Child support, under Florida law, is initially established by applying the Florida child support guidelines. The child support guidelines are applied to not only a final hearing in a dissolution of marriage action, but are also applicable in temporary support proceedings
Florida Statute 61.30(1)(a) specifically states that the child support guideline amount is utilized to establish the amount of child support, whether in a temporary or permanent proceeding.
When the court is assigned the task of determining the amount of child support that is going to be paid, a trial court is permitted to deviate from the amount of child support as provided for in the guideline amount, based on a myriad of different factors, as noted in Florida Statute 61.30(1)(a)(11). There are 11 separate factors itemized under this statute which provide for different scenarios for deviating from the child support guidelines. Take a few moments to read through that section to see if any of the listed factors will provide you with a basis to seek additional child support over and above the amount as set forth under the child support guidelines.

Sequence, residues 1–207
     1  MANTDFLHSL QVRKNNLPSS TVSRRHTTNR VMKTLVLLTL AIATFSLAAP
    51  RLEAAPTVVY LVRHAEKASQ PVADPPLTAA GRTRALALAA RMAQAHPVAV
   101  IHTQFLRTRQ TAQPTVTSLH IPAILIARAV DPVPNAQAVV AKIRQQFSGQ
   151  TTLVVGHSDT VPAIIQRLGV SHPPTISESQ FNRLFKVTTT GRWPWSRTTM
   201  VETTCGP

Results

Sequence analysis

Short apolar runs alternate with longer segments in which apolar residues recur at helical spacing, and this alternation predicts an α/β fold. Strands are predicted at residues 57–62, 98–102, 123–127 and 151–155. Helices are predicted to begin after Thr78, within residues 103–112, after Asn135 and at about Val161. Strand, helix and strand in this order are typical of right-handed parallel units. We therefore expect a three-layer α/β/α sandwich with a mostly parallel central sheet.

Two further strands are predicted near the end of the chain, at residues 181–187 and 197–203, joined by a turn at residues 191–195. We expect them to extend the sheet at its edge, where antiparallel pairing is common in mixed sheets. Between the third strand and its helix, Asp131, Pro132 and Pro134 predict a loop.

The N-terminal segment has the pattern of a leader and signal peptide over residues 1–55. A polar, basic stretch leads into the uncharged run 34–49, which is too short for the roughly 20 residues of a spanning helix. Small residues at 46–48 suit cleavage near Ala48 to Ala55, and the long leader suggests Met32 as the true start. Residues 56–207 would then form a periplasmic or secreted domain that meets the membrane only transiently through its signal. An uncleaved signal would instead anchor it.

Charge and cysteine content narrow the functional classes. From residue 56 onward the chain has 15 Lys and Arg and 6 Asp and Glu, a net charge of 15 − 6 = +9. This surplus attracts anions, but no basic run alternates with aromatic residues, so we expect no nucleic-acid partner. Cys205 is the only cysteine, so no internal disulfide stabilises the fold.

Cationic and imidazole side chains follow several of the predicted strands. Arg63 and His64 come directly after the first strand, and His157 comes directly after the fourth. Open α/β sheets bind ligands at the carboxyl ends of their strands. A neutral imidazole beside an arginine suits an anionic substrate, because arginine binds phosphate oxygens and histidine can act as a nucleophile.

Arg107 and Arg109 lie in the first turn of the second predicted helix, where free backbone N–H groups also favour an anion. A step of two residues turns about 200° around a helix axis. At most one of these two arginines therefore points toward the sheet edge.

Before a court is in fact authorized however to deviate, the amount of child support pursuant to the guidelines must be first determined.
Child support is a right that belongs to your child. Parents do not have the right to waive the amount of child support that the child or children will receive.
If you want to be sure that you are maximizing the amount of child support for your children, or that you are paying the appropriate amount of child support, you need the advice of an experienced Boca Raton divorce attorney like Alan R. Burton, who has been practicing law for over 35 years. Call him today at 954-295-9222. He can help you.